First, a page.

A new Canadian air carrier is set to make its first flight next week with legal woes clinging to its wheels.
A passenger rights advocate wants the Federal Court of Appeal to slap Winnipeg-based startup NewLeaf Travel with an injunction before it's set to take to the sky on July 25, The Financial Post reported Thursday.
NewLeaf Travel bills itself as a low-cost carrier, not unlike Allegiant or Ryanair, that offers "no frills" flights as an alternative to airlines such as WestJet and Air Canada.
(Photo: NewLeaf Travel)
But it's not a full-fledged airline; it resells tickets and charters flights through Flair Airlines, a company based in Kelowna, B.C. that has a fleet of Boeing 737-400s.
It offers tickets for flights between a number of smaller Canadian airports including Abbotsford, Edmonton, Saskatoon, Winnipeg and Hamilton.
Activist Gabor Lukacs wants to put the brakes on the carrier until it posts a performance bond of $3.74 million to compensate passengers if flights are cancelled.
"NewLeaf is a fledgling unstable company that is unlikely to be able to deliver the services that it has sold or pay compensation to passengers whom it may strand as a result of non-performance," his notice of motions reads, as quoted by the Post.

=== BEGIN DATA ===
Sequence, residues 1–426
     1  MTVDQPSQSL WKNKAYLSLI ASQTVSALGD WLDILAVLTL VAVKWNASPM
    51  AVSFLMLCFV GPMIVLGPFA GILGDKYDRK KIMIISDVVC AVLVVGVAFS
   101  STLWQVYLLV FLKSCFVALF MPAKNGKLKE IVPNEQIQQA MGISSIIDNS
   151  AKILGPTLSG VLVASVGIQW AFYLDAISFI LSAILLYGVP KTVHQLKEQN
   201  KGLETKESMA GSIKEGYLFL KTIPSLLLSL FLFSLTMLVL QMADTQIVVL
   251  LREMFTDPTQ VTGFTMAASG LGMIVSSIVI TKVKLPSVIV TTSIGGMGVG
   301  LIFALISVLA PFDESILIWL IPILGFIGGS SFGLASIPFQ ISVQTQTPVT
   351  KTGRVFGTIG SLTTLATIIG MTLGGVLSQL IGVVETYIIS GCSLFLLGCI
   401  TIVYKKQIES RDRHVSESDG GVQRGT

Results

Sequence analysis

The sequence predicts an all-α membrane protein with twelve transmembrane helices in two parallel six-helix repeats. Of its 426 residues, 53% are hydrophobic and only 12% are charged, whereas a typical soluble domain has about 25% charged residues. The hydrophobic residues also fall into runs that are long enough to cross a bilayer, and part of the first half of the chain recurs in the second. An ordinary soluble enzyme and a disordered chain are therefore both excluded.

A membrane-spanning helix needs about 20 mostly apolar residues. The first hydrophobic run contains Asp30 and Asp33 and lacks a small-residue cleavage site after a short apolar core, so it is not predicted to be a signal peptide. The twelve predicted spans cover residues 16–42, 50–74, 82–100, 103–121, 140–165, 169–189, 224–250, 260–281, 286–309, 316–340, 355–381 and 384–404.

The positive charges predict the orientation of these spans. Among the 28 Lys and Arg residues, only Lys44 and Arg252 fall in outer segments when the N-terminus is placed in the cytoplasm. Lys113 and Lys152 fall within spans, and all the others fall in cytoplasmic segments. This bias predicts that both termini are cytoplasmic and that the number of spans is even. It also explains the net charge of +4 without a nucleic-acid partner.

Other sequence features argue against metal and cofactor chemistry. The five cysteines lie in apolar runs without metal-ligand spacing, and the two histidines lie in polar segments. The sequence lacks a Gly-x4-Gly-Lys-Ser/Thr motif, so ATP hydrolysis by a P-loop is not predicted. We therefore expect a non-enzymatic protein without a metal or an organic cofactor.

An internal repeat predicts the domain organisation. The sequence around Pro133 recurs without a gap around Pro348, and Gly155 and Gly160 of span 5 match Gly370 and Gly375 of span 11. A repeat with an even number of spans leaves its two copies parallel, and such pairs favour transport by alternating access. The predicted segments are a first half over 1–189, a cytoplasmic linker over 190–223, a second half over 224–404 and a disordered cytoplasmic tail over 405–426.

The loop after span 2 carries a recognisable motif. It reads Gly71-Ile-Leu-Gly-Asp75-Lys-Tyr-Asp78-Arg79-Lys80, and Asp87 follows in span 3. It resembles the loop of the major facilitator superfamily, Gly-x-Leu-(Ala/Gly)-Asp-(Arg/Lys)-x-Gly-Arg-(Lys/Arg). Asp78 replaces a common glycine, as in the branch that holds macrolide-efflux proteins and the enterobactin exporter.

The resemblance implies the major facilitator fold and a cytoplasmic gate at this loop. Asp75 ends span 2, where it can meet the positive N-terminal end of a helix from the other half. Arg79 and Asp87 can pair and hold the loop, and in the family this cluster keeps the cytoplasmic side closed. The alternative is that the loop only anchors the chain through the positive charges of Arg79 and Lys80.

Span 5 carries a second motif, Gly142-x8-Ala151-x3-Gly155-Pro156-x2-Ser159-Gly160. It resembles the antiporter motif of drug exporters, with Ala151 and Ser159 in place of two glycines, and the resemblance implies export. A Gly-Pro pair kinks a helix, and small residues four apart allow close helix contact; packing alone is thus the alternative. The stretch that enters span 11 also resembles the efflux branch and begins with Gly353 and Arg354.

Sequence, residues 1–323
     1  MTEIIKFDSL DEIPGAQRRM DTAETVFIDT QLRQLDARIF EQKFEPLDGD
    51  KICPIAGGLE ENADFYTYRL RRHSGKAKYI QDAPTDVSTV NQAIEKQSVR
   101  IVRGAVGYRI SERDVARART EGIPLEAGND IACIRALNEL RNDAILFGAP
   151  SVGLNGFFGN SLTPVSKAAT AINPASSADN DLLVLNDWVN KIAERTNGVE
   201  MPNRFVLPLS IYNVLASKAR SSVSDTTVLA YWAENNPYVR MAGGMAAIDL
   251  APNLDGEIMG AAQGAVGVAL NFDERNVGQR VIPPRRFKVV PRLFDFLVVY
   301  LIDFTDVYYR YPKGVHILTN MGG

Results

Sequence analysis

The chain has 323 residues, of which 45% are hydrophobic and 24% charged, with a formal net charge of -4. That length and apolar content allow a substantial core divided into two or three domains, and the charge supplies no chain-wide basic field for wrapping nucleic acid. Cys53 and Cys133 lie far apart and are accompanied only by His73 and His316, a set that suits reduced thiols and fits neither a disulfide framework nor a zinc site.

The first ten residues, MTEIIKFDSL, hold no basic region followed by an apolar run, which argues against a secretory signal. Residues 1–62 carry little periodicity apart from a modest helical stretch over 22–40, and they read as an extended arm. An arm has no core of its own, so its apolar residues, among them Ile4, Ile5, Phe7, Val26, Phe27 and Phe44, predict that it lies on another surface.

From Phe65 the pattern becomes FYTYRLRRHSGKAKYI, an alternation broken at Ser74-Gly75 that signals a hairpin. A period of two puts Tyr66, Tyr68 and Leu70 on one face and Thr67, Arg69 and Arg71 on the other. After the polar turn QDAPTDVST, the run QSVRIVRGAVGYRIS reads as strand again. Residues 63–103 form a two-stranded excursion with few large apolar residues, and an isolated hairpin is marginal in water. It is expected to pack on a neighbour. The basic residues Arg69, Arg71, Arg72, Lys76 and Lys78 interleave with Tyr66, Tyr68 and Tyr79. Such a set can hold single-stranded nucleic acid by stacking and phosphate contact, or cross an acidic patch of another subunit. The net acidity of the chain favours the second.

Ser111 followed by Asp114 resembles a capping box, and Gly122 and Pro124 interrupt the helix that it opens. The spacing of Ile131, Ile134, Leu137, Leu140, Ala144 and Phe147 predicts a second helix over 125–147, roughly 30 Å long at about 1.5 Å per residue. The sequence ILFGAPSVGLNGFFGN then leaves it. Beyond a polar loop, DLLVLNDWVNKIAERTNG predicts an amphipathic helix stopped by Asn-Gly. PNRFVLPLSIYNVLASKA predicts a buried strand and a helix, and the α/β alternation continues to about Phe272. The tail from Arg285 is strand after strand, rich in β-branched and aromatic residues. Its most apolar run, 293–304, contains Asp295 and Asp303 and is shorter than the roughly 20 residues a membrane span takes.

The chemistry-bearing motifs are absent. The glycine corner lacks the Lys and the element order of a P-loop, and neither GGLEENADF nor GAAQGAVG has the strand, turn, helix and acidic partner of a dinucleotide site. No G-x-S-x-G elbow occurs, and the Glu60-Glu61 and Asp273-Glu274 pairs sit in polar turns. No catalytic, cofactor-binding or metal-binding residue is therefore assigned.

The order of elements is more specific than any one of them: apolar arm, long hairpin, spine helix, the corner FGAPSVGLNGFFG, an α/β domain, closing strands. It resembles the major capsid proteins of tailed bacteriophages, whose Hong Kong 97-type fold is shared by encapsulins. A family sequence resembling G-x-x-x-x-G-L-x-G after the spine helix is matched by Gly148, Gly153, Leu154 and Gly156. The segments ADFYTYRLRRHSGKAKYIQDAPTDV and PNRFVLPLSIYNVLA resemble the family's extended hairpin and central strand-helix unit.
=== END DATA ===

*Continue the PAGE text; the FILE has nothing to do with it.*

NewLeaf, a new air carrier, is facing legal trouble ahead of its planned launch. (Photo: NewLeaf Travel)
NewLeaf started selling tickets early in the year, with a plan to launch on Feb. 12.
But sales were suspended as the company awaited a decision from the Canadian Transportation Agency (CTA) as to whether it required an operating licence.
The agency ruled that NewLeaf didn't need such a licence in March, and ticket sales resumed.
Lukacs is also challenging that ruling in the Federal Court of Appeal, saying that other companies like NewLeaf have needed licences to fly.
But he's not the only critic that NewLeaf is facing as the carrier's launch date draws closer.
Jim Young, president and CEO of NewLeaf Travel. (Photo: John Woods/CP)
It's also being sued by Hessie Jones, a marketing consultant who claims NewLeaf owes her $76,000, according to documents obtained by Global News.
Another consultant claims that NewLeaf owes him over $55,000, and that company CEO Jim Young said he would only pay him once he raised enough capital to do so.
As a reseller, NewLeaf doesn't have to show its cash reserves to any regulators.
Young called Lukacs' injunction application "simply not merited" in an email to the Post.
Dacko, speaking to Global News, wouldn't comment on Jones' lawsuit nor on the claims of the other consultant, though he did say the company has raised enough capital.
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